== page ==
The Talent: Stefan Djordjevic

I’ve known Stefan – or Steki to his friends – for a few years through mutual friends in Belgrade. I first met him at a screening of the Serbian film Tilva Roš, which was a dramatization of his real life experience growing up in the city of Bor, Serbia. In part because of his experience on set and becoming friends with the filmmakers, Stefan decided to go to film school and pursue cinematography and documentary photography. He recently showed me a short film he made in Bor, and it was enchanting.

“Journey” is a story about an engine driver who travels the same route for eight hours a day. He doesn’t see that route in the same way we experience it, because the imagination is the only thing he has in his monotonous surroundings.


Stefan Djordjevic was born in Bor, a copper mine town in Eastern Serbia, where he started in the skateboarding scene with couple of friends. Their story was documented in the feature movie called Tilva Roš, directed by Nikola Lezaic. He is currently studying cinematography on Faculty of Dramatic Arts. He always had a passion for documentary photography.

See more of Stefan Djordjevic’s work on his Instagram or Vimeo pages.

We receive a lot of submissions of projects to feature on dvafoto and we want to highlight some of the fantastic work we see. Please get in contact if you have a body of work you’d like to share.

The Talent: Fan Shi San’s “Great Wall”

I connected with Fan Shi San on Blink and fell in love with the series “Great Wall.” It’s a look at the landmark like you’ve probably never seen before, captured while the photographer bicycled the 4000-mile length from west to east. He is a freelance photographer based in Shanghai whose work has been exhibited in China and the UK over the past few years.

In Fan Shi San’s own words, “For thousands of years the Great Wall sealed China from outside world, dynasty after dynasty, empire after empire, it is the blood line along which millions of human skeletons buried without intermission during thousands years’ struggle. This journey is a visual research of China’s essential roots through desert and towns, symbols and villages which are slowly dying in the progress of the reborn country’s industrialization and urbanization, millions of faceless men migrant from north to south, from interior to coast, searching for a better life, leaving behind their native soil, their children and olds, and in the meantime, the Great Wall crumbles a little more every day.”

When I asked him why he shot this project, Fan Shi San said the motivation to photograph this body of work was a desire to “record the internal scene in China, both in landscape and spiritually.”

There’s a much larger edit of “Great Wall” available on Fan Shi San’s website, where you can also see Wu Kan, a look at a small farming village that rebelled against the Communist Party in 2011, and Two of Us, a conceptual piece on children who grew up alone under China’s One Child Policy.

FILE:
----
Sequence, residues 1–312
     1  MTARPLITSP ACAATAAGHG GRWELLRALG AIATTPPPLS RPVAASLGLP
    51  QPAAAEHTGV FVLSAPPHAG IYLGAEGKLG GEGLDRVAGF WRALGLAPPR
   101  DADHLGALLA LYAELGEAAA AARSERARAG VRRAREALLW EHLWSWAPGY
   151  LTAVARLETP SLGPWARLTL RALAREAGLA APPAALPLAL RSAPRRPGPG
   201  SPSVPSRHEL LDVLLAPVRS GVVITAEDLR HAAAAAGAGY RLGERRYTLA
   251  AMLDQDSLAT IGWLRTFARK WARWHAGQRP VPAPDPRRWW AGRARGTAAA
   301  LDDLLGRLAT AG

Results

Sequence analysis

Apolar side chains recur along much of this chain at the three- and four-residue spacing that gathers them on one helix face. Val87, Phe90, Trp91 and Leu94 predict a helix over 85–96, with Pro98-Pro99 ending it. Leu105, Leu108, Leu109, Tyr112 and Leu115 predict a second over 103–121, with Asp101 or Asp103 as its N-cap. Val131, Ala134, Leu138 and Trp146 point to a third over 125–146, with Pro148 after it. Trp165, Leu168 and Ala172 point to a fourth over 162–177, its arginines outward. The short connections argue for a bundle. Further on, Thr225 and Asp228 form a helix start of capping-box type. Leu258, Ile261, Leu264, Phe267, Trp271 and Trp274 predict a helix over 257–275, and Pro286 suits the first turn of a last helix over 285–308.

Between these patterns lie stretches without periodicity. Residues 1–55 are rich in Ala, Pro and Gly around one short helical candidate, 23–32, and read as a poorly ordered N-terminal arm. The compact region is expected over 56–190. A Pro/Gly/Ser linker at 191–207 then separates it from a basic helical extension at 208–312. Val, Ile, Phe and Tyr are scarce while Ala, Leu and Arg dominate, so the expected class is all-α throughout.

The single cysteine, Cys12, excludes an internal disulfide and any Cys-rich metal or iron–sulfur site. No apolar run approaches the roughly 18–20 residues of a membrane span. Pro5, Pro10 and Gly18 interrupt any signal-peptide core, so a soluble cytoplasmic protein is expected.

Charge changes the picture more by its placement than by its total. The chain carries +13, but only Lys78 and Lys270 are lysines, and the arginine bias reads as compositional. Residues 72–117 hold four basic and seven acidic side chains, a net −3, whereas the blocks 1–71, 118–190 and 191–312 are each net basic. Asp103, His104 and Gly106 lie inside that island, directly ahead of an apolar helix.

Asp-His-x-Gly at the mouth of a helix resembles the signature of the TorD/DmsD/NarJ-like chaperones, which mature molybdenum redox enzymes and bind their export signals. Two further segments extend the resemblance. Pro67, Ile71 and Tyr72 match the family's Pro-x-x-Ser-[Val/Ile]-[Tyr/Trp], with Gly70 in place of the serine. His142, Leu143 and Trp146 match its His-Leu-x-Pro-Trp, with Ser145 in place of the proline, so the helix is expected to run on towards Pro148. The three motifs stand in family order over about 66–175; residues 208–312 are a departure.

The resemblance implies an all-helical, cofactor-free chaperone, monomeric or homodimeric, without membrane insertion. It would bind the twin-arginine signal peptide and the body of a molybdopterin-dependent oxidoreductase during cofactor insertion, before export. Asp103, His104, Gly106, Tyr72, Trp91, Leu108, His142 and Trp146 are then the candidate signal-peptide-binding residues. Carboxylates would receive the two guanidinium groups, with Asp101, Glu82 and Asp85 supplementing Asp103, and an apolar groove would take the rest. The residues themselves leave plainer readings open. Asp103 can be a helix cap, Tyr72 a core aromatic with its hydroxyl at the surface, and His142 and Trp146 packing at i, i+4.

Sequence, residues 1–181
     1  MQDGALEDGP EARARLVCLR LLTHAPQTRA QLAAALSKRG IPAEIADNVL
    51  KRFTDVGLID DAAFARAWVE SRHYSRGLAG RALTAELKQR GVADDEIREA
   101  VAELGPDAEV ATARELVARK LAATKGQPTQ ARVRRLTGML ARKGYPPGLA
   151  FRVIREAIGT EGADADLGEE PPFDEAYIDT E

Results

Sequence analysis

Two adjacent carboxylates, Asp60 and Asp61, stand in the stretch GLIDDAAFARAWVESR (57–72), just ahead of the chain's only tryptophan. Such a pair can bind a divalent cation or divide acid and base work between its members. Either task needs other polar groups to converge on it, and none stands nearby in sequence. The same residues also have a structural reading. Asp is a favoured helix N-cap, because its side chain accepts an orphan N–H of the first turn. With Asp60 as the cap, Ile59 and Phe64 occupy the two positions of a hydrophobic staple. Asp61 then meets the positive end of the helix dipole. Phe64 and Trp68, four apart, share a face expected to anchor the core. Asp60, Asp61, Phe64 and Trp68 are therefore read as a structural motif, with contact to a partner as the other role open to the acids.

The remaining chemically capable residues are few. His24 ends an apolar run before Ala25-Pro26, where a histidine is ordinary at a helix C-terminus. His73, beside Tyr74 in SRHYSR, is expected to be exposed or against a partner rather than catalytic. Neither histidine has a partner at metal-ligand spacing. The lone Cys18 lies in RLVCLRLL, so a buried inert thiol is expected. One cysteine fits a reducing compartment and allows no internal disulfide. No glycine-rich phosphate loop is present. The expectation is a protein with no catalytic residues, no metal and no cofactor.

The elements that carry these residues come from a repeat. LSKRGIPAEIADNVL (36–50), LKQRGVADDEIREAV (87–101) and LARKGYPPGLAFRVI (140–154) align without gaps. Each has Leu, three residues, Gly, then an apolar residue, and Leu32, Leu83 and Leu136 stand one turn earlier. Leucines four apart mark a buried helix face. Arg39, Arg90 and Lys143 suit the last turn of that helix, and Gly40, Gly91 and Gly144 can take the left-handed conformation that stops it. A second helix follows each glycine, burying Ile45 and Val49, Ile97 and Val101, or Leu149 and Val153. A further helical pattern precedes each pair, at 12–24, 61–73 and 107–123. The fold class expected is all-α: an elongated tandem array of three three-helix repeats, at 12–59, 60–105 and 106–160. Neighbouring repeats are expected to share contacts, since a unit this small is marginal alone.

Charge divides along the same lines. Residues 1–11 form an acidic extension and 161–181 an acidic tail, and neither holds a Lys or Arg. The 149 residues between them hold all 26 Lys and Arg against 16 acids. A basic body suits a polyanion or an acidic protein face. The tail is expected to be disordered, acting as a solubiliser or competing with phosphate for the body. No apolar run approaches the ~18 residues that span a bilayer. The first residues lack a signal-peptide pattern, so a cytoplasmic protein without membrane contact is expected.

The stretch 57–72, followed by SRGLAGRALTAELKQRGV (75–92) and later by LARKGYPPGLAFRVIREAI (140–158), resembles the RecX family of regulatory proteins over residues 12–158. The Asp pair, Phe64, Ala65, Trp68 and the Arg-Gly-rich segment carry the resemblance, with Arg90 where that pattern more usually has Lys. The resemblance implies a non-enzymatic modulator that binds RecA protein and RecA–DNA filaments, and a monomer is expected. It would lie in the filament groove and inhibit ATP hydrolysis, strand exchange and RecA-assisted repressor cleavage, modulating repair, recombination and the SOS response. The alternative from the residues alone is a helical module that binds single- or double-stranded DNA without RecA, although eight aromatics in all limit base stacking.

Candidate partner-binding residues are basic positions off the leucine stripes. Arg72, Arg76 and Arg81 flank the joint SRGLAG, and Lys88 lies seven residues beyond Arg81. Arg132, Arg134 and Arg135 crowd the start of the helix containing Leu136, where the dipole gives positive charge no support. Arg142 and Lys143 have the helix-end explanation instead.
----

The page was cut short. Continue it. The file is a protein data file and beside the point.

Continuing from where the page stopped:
We receive a lot of submissions of projects to feature on dvafoto and we want to highlight some of the fantastic work we see. Please get in contact if you have a body of work you’d like to share.

The Talent: Jacque Foo

We receive a lot of submissions of projects to feature on Dvafoto and we want to highlight some of the fantastic work we see. Today we would like to share “Family Day” by Jacque Foo.

The work is presented without captions, but with this introduction written by Foo:

“For many male expat workers in Qatar, Friday is their only rest day.

Friday is also the “Family Day” for many places like public parks, shopping malls, markets, promenade etc. During this day, these places are open for families only – any men without female companion are considered “bachelors” and are not allowed to enter.

Anyone who visits these places on Friday will be familiar with the scene of security guards or police asking bachelors from Asia to leave, but keeping a blind eye to men from the local and Gulf region or Western countries.

As a Malaysian man living in Doha, the scenario above is a common experience for me. Many times I, together with other Asian bachelors, have been told to leave these places while seeing Arab or Caucasian bachelors walking freely to wherever they want to go.

This experience led me to wonder where these bachelors spend their rest day given there are limited places to go on Friday. I hence started following these men to places where they hang out with my camera, and the result is this series he called “Family Day”, containing photos taken between September 2013 and June 2014.”

For more information about Foo and his work, visit his website.